Do you sing in church? Good on you. Those who sing pray twice. If you do not sing in church, what barrier could we break down for you? Do you not know the music? Or are you so lost in reading the text of the hymn that you never get with the rythym of the tune? Whether you fit into the singing or non-singing category, I have a suggestion for you that will enhance your hymn-singing forever. It's a thick little red volume called "Poems of Grace." Poems of Grace is simply the texts of The Hymnal 1982, the Episcopal Hymnal in current use.
Because the Text Committee of that hymnal, headed by The Rev. Marion J. Hatchett, was careful that each text could stand alone, we have a treasure here. If you pick up one of these hymnals you will find that the hymns are grouped into sections for the church year. They are also grouped into categories such as "Holy Eucharist", "Praise to God", "Jesus Christ our Lord", and "Christian Responsbility", to name a few.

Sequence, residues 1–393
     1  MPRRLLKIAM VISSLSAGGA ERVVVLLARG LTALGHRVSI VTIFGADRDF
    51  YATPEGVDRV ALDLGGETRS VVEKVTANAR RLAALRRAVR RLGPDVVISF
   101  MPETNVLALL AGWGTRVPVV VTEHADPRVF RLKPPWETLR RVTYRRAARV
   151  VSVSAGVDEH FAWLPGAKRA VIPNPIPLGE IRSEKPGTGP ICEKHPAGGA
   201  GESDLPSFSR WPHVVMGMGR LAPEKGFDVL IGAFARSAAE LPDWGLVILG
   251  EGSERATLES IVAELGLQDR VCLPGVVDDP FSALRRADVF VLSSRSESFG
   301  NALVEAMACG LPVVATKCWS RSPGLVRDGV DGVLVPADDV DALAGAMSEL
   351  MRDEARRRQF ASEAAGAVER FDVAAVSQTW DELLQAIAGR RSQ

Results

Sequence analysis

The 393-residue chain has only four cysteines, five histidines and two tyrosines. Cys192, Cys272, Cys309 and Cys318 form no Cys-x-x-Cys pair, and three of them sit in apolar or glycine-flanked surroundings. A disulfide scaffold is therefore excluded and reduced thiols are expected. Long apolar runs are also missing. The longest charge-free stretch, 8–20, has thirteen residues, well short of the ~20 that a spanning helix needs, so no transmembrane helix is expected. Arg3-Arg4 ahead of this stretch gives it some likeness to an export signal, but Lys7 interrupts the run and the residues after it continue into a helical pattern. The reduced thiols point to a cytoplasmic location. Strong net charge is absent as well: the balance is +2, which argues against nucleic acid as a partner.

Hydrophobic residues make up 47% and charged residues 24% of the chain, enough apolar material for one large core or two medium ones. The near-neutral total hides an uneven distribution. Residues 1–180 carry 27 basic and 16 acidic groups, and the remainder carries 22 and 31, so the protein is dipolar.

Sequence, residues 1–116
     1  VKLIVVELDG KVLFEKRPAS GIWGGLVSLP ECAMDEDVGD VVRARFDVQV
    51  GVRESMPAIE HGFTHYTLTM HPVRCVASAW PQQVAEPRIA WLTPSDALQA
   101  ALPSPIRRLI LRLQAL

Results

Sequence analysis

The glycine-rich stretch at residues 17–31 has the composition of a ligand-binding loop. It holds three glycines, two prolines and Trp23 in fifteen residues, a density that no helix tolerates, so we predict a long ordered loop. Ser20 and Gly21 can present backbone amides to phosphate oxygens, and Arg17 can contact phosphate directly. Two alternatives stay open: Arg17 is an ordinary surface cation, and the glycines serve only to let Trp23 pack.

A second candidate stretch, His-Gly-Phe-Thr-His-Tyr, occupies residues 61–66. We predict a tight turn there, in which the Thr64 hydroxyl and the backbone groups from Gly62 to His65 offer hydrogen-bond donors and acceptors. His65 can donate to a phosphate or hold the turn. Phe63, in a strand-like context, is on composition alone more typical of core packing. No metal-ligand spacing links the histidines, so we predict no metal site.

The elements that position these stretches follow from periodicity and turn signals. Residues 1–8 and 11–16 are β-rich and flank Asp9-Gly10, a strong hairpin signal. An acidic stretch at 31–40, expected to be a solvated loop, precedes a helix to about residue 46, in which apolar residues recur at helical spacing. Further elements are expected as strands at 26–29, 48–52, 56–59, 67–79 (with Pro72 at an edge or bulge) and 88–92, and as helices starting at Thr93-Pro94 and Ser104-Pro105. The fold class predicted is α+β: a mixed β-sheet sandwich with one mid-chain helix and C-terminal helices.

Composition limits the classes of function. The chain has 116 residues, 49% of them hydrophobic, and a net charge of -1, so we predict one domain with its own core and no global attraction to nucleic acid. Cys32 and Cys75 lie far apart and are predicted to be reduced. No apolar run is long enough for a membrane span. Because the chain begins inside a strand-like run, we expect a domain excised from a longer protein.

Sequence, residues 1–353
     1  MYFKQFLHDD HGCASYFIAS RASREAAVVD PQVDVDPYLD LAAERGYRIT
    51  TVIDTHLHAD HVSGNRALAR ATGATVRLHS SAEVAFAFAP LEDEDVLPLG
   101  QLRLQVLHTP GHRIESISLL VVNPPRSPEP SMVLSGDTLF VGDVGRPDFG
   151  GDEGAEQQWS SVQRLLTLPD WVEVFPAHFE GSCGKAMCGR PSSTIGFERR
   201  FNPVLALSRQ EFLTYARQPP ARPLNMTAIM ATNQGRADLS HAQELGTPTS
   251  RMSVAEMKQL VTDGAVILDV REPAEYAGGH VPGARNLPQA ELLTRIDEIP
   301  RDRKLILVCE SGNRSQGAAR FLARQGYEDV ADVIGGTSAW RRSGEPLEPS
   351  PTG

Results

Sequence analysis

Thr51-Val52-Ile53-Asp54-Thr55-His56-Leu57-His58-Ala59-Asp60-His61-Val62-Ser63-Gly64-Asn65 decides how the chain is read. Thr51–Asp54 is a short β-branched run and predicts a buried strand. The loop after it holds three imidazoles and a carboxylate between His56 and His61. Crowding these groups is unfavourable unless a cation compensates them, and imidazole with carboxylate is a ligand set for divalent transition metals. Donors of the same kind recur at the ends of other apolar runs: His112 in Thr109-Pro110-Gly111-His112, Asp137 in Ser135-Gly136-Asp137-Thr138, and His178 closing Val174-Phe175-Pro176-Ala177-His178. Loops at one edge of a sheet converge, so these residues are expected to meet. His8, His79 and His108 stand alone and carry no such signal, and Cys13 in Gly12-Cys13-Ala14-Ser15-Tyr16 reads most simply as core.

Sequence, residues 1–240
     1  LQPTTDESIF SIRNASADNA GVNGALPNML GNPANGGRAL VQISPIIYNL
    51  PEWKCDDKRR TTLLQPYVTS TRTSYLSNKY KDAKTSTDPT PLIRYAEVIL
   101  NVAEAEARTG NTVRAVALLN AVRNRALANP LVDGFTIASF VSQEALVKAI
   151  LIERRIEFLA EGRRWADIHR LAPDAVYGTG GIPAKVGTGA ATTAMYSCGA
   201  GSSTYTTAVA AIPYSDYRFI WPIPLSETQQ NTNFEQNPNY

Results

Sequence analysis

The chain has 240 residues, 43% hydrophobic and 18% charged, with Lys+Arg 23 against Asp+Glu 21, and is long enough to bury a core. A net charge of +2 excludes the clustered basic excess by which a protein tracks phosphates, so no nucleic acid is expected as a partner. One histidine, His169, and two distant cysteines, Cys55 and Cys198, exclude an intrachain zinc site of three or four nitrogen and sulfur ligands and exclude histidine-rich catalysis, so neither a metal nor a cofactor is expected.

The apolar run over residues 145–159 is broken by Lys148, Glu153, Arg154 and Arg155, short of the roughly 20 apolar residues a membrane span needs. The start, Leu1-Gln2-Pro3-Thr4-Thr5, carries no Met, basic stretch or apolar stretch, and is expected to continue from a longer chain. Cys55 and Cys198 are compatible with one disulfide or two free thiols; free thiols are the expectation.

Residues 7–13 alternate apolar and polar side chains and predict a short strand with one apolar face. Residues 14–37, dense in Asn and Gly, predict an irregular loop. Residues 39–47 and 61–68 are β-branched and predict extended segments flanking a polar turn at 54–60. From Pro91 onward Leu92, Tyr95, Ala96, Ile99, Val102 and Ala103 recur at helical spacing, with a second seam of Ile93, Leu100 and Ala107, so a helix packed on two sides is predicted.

Another aspect of Poems of Grace is that texts range from ancient to modern. We have texts that were translated out of Greek and Latin, and then we have hymns that were written by modern writers. I define "modern" as "writers who are still living." Beyond that we have "Contemporary Christian Music" which must be sung and lived with for a while before it gets established in an Episcopal Hymnal.
Side by side in Poems of Grace you will find "Christ whose glory fills the skies" by 18th century writer Charles Wesley; and "Morning has broken" by Eleanor Farjeon (1881-1965). You will recognize this hymn from an old Cat Stevens recording. Bob Dylan and Leonard Cohen are also fond of this text.
So, even if you don't "sing in church" you can let your spirit soar by reading the texts of The Hymnal 1982. You can find your own to purchase at www.churchpublishing.org. Truly, they are Poems of Grace.
The Rev. Linda McCloud
The Episcopal Church of Our Savior at Honey Creek